The discovery of helium in Tanzania could avoid the cost of extracting the element from natural gas World supplies of helium, the gas that makes your voice squeaky, may be on the ascent. Scientists and a Norway-based exploration firm this week hailed a huge find of the rare element in Tanzania as a potential game changer.
Helium, the second most abundant gas of the universe after hydrogen but found only rarely on Earth, is used notably as a liquid coolant in hospital MRI scanners, electronics and the manufacturing of fibre optics.
Until now, helium had been discovered only as an accidental by-product of oil and gas drilling, said Oxford and Durham university researchers and the exploration company, Helium One.
But for the first time, they said, an exploration team had found helium deliberately, using their knowledge that volcanic activity can release the gas from ancient rocks.
”We show that volcanoes in the Rift play an important role in the formation of viable helium reserves,” said researcher Diveena Danabalan of Durham University, which joined with Oxford University and Helium One in the search.
Oxford University professor Chris Ballentine said the team had calculated that helium reserves in just one part of the African Rift valley amounted to 54 billion cubic feet, enough to fill more than 1.2 million medical MRI scanners.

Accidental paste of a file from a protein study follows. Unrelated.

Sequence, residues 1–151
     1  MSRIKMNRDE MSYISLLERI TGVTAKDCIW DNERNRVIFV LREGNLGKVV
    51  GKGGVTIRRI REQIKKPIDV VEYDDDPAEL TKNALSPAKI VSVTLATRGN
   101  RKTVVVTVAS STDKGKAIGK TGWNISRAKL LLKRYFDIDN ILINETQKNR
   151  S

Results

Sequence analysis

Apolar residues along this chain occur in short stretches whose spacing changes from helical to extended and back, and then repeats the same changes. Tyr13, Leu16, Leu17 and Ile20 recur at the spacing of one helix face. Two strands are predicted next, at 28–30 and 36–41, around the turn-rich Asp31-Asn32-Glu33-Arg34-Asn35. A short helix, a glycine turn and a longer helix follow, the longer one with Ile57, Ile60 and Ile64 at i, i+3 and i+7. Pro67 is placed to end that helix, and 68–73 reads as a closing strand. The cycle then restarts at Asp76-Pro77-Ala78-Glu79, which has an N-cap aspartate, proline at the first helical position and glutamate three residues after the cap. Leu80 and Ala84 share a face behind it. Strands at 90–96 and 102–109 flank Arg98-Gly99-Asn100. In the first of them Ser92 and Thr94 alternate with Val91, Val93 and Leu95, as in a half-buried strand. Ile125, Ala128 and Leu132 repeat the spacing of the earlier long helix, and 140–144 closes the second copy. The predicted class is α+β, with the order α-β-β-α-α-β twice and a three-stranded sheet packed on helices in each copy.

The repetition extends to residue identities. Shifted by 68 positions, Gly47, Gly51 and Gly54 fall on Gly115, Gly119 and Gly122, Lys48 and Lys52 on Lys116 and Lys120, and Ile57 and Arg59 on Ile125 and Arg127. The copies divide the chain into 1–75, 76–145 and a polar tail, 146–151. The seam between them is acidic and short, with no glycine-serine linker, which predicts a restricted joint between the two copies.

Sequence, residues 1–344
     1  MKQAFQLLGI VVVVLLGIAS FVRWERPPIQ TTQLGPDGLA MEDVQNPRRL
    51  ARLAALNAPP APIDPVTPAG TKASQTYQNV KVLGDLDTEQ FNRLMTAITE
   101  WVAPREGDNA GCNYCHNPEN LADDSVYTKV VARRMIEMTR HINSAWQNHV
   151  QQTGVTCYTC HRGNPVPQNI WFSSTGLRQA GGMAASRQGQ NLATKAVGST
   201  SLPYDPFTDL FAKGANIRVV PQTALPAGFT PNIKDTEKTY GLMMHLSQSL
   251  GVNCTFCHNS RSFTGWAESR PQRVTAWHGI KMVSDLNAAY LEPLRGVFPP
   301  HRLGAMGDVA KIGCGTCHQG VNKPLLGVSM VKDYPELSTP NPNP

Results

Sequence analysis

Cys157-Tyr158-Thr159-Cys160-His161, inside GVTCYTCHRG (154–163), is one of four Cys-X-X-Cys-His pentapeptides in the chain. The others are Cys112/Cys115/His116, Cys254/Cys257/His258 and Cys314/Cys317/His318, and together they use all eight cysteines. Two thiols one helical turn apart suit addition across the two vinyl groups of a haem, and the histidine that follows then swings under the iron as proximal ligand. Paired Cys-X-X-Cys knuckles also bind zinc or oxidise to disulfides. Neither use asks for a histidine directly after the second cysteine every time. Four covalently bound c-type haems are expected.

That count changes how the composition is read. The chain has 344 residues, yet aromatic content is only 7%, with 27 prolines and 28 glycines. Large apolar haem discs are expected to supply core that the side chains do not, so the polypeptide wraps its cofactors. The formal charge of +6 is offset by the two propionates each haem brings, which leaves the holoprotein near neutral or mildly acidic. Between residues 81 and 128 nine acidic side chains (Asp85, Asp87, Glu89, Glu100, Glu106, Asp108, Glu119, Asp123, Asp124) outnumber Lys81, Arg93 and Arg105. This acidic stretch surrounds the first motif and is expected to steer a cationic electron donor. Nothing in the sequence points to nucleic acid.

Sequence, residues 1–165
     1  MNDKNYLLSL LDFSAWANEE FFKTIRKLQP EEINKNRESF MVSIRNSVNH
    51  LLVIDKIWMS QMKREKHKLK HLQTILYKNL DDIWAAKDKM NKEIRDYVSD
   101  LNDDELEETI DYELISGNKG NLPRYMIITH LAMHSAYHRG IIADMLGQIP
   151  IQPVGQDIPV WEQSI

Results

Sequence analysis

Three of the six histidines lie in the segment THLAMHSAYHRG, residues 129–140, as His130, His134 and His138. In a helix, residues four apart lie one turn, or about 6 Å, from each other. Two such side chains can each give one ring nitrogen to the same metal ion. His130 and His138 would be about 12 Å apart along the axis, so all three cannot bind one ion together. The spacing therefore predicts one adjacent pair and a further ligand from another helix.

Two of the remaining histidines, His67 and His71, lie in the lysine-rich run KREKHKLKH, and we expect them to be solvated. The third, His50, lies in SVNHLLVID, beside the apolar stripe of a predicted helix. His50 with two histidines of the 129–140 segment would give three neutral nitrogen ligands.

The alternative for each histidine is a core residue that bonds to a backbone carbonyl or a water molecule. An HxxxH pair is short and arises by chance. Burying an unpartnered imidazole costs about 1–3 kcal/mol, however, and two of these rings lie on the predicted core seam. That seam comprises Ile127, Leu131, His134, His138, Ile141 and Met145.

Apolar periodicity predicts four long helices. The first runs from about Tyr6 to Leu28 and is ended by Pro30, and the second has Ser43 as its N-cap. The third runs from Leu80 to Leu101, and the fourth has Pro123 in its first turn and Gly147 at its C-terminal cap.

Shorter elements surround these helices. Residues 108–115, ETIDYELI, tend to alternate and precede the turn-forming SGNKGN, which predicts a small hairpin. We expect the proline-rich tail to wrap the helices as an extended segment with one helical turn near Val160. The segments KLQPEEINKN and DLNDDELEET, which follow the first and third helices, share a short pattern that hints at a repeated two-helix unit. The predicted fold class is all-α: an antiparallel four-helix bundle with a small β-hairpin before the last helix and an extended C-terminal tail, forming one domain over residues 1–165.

”This is a game changer for the future security of society’s helium,” Ballentine said in a joint statement released Tuesday when the find was revealed.
”Similar finds in the future may not be far away,” he said.
World helium sales amounted to an estimated $1.01 billion (909 million euros) in 2015 and are expected to balloon to $1.52 billion in 2020, said a report by market research group Technavio.
Eric Prades, global helium and rare gases director at French group Air Liquide, said 80-90 percent of the world’s helium is extracted from natural gas wells in a process that relies on very low temperatures.
The Tanzania find had an ”interesting potential” because it avoids the cost of extracting the element from natural gas, said Prades, who was not involved in the find.
Helium prices climbed in 2012-2013 over supply concerns, said the Air Liquide specialist. At the time, Tokyo Disneyland went so far as to ban helium balloons.
But supply worries have largely evaporated since, said Prades.
Russian oil and gas giant Gazprom could produce 40 percent of the world helium market by the 2020s thanks to a vast extraction project at a natural gas field in Siberia, he said.
Iran could begin producing helium too, Prades said, explaining that it shares the same natural gas field as Qatar, the world’s second largest producer after the United States.
Meanwhile, demand for helium is expected to grow only moderately by two-to-three percent a year over the next five years, the expert said.
Explore further:Dwindling helium supply prompting concerns
© 2016 AFP